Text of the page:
Out burst a wind of emotions and fears. Her life story was revealed; her handicapped adult daughter, her husband who died when she was 24, her work, her life.
There comes a time when you know it is better to wait and be patient. Again we were learning patience.
A meltdown in the notaire’s office led to a decision to postpone the signing. If she decided we could send the papers to her notaire’s office in Paris.
Leaving the office, we went back to the house and I calmly told Anna to sit on the terrace before her train left and walk through the house again. I sat her down and placed a bowl of cherries on the table.
Mangez les souris.” I said… Jean burst into laughter at her face. I had just offered her mice to eat instead of cherries (cerises)…
Okay, maybe the mice will do it I said in the car… Anything to help the woman!!!
Zoé hearing the story, promptly went into teaching me how to pronounce cerise. She was laughing and mortified at the same time.
The next day she calls and says, “I want the house. I’m sending a friend to look at it.”
Fine we said. Let’s hope the friend thinks it’s a good house for her.
Madame arrived three days later, an elegant older French woman who had lived in England for 30 years. Her daughter was a mathematician at Stanford, and spoke fluent English but only would speak French as we were in France… After touring the house. She exclaimed
“Delightful. It is perfect for her. “She went on to explain that Anna wanted to buy her house but she told her it was not right for her. She needed to be in a village. She was too fragile.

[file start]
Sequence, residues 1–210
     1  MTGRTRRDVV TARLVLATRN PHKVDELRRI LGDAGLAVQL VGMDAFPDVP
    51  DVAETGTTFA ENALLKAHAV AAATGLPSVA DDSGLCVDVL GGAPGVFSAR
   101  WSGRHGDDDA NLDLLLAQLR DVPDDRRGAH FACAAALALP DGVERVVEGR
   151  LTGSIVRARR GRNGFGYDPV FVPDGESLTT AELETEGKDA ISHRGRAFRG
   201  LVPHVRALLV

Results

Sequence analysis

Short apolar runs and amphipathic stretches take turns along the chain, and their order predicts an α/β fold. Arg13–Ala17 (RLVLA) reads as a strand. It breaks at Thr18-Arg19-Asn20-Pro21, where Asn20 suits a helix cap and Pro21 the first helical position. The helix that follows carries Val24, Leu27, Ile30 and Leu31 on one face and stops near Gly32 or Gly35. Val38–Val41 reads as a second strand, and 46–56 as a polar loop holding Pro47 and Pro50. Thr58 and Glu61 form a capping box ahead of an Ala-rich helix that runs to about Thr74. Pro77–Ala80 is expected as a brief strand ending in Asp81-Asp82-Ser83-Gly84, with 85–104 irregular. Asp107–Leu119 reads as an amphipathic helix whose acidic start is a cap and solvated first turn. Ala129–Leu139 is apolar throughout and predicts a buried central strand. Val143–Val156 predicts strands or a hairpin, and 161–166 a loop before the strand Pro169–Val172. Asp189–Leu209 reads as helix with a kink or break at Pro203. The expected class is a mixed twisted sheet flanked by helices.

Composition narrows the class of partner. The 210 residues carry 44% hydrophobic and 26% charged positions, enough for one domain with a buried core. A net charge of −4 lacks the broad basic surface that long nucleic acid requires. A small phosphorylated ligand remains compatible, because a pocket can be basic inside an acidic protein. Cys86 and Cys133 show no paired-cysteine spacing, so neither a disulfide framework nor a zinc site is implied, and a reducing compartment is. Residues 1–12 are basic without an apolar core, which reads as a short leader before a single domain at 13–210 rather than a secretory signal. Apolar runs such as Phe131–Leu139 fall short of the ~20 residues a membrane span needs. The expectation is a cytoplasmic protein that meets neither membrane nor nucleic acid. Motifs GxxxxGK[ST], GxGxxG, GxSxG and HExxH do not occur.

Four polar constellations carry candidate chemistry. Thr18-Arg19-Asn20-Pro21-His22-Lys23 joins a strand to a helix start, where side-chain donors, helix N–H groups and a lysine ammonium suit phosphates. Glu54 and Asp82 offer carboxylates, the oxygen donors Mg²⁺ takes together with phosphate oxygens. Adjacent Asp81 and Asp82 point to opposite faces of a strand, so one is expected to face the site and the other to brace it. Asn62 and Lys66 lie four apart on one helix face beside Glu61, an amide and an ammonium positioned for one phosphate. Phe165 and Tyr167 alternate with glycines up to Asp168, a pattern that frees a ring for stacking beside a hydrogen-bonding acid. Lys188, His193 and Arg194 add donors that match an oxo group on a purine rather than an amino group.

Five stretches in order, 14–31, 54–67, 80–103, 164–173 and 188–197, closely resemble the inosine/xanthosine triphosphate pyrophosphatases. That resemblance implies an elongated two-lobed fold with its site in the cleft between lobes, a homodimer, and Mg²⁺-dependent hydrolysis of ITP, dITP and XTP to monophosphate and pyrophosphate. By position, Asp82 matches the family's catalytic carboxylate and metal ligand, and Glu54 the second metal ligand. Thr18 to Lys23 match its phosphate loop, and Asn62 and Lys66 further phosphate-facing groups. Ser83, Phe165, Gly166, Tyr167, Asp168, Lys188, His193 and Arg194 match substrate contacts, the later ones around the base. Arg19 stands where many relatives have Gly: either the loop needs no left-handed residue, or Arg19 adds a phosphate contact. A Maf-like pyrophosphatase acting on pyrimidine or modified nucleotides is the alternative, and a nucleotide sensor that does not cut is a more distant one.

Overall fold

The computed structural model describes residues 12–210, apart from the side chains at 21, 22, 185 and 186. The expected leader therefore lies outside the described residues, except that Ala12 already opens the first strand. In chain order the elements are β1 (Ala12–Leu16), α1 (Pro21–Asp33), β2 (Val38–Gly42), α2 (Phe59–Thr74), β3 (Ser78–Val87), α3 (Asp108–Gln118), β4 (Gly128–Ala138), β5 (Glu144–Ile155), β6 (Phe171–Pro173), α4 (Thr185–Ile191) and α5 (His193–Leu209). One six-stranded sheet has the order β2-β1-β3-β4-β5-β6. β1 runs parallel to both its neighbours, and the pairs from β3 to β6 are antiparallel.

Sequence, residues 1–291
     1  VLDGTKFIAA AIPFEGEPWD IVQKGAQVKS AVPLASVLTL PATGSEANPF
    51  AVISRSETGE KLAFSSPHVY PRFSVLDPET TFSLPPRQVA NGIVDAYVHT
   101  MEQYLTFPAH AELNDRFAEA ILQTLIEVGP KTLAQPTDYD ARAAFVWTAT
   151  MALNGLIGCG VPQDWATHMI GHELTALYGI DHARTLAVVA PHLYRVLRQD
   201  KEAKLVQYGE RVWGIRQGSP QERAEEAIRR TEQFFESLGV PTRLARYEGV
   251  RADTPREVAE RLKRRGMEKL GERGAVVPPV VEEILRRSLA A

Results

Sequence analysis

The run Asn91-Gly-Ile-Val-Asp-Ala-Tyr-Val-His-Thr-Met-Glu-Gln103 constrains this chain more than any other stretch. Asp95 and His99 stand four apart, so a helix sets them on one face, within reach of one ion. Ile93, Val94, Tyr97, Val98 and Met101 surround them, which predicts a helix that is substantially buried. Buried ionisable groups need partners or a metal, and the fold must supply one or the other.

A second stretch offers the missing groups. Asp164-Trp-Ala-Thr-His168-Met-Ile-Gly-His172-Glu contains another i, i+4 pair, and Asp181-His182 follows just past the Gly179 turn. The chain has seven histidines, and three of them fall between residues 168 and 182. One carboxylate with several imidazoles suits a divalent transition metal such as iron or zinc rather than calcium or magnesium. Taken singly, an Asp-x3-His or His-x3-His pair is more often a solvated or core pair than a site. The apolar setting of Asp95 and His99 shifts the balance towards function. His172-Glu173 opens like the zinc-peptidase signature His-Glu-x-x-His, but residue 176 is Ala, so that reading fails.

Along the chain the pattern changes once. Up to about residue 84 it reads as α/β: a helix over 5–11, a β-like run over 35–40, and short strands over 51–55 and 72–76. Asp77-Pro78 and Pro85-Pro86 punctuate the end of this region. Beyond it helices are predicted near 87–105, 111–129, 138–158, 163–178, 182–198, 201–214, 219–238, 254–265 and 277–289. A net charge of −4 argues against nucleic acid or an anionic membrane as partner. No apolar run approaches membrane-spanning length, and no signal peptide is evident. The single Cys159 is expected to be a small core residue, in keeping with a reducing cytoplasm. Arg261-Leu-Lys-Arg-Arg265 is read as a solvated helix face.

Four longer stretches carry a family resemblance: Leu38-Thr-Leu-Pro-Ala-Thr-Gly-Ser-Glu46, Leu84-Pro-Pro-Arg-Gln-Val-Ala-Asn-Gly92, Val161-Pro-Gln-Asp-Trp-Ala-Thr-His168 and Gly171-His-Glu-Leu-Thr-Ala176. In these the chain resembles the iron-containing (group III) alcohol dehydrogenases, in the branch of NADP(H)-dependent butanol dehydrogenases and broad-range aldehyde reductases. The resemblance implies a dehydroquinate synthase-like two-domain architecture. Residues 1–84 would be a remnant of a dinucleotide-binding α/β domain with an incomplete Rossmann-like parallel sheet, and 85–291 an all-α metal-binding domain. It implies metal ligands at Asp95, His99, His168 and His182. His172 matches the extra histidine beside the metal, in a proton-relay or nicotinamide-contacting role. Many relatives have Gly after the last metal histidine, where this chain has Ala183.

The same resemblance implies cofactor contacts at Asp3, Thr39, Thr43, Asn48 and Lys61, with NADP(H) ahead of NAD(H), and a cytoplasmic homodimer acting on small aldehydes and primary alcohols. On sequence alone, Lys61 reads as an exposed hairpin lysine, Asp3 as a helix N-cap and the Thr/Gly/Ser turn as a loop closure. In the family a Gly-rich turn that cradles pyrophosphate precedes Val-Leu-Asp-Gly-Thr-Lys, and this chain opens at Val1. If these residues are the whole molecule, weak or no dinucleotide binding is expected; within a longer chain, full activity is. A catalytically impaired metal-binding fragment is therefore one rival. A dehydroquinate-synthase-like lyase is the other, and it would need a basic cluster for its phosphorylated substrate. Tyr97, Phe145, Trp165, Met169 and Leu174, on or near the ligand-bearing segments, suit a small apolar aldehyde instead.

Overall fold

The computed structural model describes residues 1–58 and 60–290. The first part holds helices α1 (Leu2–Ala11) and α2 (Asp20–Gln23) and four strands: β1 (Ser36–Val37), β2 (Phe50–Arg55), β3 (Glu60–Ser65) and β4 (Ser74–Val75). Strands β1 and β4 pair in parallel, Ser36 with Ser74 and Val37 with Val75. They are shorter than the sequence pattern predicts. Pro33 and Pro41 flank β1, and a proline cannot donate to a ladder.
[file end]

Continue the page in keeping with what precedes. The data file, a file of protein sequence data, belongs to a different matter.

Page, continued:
Meanwhile Jean contacted the builder to put a hole in the wall so he could peek his little head in and say,”all clear.” Even the builder said it was stupid. But that is some of France bureaucracy and the law, he informed us.
The geometricians (surveyor) came and let us know he needed to get into the house above.
Another obstacle … another day. Jean called the owner to get access from the renters with more delays, more conversation and more negotiation.
“Oh you also need another survey because the house on top is over 50 years old.”
Another call, another negotiation with the neighbor to open up his apartment and another check written.
Finally we got the call to come and sign. She now has 7 days to back out after that all is on track.
We pray for 7 more days.
We clean, we attend the vide de grenier, Jean continues to work and we try to stay sane.
Impossible, but we try.
Having targeted to finish the book, we were nearly there. We were feeling elated and ready to send out for reviews.
Then we got some feedback. Some important feedback. Some feedback we couldn't ignore.
We have a good book, but we needed to go deeper, add more tension, more drama, more emotion.
"You know I don't want to do this, but she is right."
"I know, I dont' either. But if we want a great book we need to listen to the feedback."
Recognizing we were up to our eyeballs in the sale of the house, Jean's dissertation, and the move, the revisions would have to be put on hold. Setting a plan in place we will get additional feedback from some reviewers and focus on the revisions in August and September. Ce la vie. Again, Patience, patience, patience. The harder we push, the more something resists.!!